Comey also warned Trump off firing Mueller, the man leading the Russia election meddling investigation, and urged politicians to react if he does.
“It would, I hope, set off alarm bells that this is his most serious attack yet on the rule of law,” Comey said, saying the issue was above the usual party politics.
He added: “It would be to the everlasting shame of partisans if they were unable to see that higher level and to protect it.”
‘I would do the same again on Clinton e-mails’
Comey expressed some doubts over the way he handled the Hillary Clinton e-mail scandal but he stuck by his most controversial decision.
Just 11 days before the 2016 US election Comey wrote a letter to Congress saying he had reopened the Clinton e-mail investigation.
The letter, which soon leaked, swung momentum on the campaign back in Trump’s favour. Clinton later blamed it for losing her the election.
Comey admitted that the days after he sent the letter “sucked” and it was a “very painful period” in his life. He recalled: “My whole life has been dedicated to institutions that work not to have an involvement in an election.
“I walked around vaguely sick to my stomach, feeling beaten down … I felt like I was totally alone, that everybody hated me.”
However, asked if he would still send the letter knowing it would elect Trump, Comey said: “I would.”
He added on the idea of not sending the letter: “Down that path lies the death of the FBI as an independent force in American life.
“If I ever start considering whose political fortunes will be affected by a decision, we’re done.”
– © The Daily Telegraph
Comey’s seven top quotes
1. On Donald Trump’s fitness for office
“I don’t buy this stuff about him being mentally incompetent or early stages of dementia. He strikes me as a person of above average intelligence who’s tracking conversations and knows what’s going on. I don’t think he’s medically unfit to be president. I think he’s morally unfit to be president.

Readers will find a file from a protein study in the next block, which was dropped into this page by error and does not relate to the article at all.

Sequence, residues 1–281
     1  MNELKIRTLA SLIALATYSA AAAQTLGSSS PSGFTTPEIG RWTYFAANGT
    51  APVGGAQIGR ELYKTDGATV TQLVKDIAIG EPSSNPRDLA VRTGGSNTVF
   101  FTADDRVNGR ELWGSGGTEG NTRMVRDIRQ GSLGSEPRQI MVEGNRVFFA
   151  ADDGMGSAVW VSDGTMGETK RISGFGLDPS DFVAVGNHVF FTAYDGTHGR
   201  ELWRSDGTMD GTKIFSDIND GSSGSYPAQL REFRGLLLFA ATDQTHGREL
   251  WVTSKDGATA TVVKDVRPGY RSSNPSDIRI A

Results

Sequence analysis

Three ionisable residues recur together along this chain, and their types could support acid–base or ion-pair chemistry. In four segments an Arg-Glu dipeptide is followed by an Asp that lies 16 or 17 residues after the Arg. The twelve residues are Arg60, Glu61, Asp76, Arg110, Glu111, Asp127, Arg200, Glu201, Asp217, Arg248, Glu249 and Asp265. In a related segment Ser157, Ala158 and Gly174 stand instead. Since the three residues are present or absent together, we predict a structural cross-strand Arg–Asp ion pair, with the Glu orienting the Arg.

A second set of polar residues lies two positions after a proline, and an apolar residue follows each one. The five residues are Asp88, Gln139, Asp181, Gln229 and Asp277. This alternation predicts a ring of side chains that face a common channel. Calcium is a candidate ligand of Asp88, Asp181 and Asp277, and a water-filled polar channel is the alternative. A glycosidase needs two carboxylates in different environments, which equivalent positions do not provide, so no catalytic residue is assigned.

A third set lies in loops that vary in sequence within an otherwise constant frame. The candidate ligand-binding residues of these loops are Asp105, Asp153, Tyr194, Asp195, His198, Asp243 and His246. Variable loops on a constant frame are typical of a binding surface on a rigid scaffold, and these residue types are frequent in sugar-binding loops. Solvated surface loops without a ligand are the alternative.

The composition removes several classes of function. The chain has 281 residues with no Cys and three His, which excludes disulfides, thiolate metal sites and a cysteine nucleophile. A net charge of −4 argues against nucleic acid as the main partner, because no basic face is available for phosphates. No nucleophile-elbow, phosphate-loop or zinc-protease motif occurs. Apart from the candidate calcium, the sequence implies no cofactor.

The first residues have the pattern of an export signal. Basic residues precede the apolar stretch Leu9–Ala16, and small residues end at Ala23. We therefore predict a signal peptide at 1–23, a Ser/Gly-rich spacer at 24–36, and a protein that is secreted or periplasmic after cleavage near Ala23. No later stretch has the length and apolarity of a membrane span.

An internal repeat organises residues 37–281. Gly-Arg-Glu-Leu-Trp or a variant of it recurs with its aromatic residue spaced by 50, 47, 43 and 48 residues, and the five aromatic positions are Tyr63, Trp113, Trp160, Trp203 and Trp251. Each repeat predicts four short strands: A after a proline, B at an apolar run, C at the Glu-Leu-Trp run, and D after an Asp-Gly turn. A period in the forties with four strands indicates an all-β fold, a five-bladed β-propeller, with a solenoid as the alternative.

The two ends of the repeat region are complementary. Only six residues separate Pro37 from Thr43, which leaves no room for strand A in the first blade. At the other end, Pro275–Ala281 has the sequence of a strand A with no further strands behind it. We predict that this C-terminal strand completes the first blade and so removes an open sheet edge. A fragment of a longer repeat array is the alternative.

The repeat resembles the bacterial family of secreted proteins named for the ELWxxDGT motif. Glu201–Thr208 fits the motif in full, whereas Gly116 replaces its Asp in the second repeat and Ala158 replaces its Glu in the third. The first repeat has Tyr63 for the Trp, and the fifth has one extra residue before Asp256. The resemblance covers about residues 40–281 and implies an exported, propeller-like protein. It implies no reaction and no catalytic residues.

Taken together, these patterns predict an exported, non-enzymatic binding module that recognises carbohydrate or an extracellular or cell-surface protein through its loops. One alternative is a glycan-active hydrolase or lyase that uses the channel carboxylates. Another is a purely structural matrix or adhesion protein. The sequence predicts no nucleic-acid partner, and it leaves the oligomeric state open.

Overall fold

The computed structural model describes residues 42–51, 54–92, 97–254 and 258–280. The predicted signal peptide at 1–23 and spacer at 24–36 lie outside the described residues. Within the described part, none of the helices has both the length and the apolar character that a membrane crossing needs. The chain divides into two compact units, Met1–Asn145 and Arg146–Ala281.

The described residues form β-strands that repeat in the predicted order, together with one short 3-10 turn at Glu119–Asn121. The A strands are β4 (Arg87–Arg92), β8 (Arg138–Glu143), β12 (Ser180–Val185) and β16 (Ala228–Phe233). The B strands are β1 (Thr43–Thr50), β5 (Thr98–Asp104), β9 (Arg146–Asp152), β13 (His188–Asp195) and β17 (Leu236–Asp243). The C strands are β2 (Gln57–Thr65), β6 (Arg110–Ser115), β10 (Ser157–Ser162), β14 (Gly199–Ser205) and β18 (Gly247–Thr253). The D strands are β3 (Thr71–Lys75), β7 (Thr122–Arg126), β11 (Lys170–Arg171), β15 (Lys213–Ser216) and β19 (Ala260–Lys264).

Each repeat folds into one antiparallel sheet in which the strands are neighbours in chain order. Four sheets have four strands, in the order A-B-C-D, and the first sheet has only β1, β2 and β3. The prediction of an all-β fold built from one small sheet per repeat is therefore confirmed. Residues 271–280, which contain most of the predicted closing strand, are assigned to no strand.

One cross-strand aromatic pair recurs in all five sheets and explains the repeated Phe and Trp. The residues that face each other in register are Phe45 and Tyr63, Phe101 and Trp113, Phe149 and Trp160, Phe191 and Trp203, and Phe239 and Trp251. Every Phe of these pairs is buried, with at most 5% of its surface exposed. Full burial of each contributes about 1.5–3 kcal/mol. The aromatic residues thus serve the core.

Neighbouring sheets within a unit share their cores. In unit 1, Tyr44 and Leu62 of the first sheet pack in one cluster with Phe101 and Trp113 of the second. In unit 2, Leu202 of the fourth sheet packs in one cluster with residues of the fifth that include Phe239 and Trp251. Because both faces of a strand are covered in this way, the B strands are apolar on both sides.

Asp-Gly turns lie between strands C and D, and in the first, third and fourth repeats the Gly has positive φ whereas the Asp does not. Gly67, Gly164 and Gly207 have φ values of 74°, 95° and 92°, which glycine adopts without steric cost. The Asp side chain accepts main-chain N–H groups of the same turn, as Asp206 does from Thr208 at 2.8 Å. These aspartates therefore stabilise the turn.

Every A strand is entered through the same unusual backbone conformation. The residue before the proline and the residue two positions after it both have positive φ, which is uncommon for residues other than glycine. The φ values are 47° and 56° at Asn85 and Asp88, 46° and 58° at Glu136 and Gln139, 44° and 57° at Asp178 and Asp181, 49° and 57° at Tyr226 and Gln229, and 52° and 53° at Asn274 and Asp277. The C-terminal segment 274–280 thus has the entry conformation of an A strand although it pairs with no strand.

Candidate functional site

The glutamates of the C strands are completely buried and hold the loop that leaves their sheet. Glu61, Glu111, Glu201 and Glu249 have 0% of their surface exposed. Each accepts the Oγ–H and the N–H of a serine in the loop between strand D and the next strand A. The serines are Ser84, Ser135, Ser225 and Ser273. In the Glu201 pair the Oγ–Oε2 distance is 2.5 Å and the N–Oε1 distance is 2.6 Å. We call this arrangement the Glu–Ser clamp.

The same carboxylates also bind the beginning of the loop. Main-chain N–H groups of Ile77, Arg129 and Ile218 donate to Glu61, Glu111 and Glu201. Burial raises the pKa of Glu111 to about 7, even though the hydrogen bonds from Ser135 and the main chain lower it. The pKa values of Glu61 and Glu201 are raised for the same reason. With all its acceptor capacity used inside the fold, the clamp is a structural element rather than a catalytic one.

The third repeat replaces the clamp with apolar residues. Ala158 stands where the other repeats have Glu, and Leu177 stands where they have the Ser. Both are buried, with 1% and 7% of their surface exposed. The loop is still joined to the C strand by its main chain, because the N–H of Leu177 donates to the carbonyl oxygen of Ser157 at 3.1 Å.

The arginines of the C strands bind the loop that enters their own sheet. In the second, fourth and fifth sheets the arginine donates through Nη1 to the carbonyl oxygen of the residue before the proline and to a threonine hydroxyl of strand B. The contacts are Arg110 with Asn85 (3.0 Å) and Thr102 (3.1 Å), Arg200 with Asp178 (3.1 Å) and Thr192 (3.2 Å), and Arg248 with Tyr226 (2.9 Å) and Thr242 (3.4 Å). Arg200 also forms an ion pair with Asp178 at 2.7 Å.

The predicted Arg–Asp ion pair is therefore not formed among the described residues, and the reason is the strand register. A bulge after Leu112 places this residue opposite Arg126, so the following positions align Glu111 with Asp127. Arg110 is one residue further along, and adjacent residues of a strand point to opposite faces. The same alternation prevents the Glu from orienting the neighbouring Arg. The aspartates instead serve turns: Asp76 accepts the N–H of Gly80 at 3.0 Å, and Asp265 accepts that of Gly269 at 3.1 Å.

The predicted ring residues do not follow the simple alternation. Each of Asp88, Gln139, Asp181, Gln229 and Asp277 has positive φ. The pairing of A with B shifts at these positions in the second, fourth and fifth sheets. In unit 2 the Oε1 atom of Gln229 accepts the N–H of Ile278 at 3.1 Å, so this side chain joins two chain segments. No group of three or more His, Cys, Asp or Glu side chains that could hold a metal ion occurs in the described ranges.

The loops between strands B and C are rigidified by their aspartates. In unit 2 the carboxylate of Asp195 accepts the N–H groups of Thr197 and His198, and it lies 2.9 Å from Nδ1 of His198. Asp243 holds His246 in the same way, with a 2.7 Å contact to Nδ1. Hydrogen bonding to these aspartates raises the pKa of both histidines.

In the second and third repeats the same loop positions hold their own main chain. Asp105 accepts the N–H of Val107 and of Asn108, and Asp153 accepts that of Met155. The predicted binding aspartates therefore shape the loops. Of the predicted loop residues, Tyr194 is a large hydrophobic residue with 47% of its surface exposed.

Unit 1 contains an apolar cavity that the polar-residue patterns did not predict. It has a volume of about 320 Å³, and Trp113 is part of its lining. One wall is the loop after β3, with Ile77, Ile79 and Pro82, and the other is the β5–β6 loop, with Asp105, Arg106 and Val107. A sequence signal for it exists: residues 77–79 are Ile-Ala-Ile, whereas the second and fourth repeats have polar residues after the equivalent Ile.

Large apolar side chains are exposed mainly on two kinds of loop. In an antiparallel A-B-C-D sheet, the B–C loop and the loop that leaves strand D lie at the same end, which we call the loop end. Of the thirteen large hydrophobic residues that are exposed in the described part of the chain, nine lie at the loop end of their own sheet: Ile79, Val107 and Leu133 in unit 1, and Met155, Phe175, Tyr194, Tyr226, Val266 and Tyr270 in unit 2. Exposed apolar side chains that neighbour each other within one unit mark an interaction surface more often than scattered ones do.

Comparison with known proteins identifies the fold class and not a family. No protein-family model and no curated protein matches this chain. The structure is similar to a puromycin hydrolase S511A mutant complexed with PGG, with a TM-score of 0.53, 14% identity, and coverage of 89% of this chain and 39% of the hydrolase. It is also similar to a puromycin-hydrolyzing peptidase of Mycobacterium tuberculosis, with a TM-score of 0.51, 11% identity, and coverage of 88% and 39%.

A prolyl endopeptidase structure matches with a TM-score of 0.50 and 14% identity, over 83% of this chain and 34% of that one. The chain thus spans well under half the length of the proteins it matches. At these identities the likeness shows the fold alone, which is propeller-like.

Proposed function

“A person who sees moral equivalence in Charlottesville, who talks about and treats women like they’re pieces of meat, who lies constantly about matters big and small and insists the American people believe it — that person’s not fit to be president of the United States, on moral grounds.”
2. On obstruction of justice
“Possibly. I mean, it’s certainly some evidence of obstruction of justice. It would depend and – and I’m just a witness in this case, not the investigator or prosecutor – it would depend upon other things that reflected on his intent.” 
3. On ‘the business with the prostitutes’
“I didn’t ask about the business with the prostitutes, but he launched into an explanation as to how I should know that wasn’t true and that he remembered now, from talking to friends who had been with him, that he’d never stayed overnight at the hotel, he’d just changed clothes there and went to the Miss Universe pageant.
“I don’t know whether any of this true, but this is what he said. And then went right back without staying overnight. And then he said: ‘Another reason you know it’s not true is I’m a germaphobe. There’s no way I’d let people pee on each other around me.’ And that me caught me so much by surprise I actually let out an audible laugh and – ’cause it was just one of those – I was startled by it.
“And – and I remember thinking, ’ell, should I say that: ‘As I understand the activity sir, it doesn’t require an overnight stay. And given that it was allegedly the presidential suite at the Ritz Carlton, I would imagine you could be at a safe distance from the activity’ – all these things are bouncing around my head. But instead of saying it, it just led me to think: ‘The world’s gone crazy.’”
4. On whether the Russians have kompromat on the president
“I think it’s possible. I don’t know. These are more words I never thought I’d utter about a president of the United States, but it’s possible.” 
5. On similarities to a mob boss
“I’m not trying to, by the way, suggest that President Trump is out breaking legs and — you know, shaking down shopkeepers. But instead, what I’m talking about is that leadership culture constantly comes back to me when I think about my experience with the Trump administration. The — the loyalty oaths, the boss as the dominant centre of everything, it’s all about how do you serve the boss, what’s in the boss’s interests. It’s the family, the family, the family, the family. That’s why it reminds me so much and not, ‘So what’s the right thing for the country and what are the values of the institutions that we’re dealing with?’” 
6. On Donald Trump’s hands
“I say that in my book cause I’m trying to be honest, cause that’s the truth there had been all this controversy and mocking about hand size, I can’t remember the details. But as I shook his hand I made a note to check the size and it seemed like he had average-sized hands.”
7. On Trump’s staff as ‘enablers’
“That is the question that people have to ask themselves. And – and there’s no easy way to define it in the abstract, that you – the challenge of this president is that he will stain everyone around him. And the question is, how much stain is too much stain and how much stain eventually makes you unable to accomplish your goal of protecting the country and serving the country? So I don’t know. And it would be hard for anybody to answer that. But everyone’s gotta answer that individually.”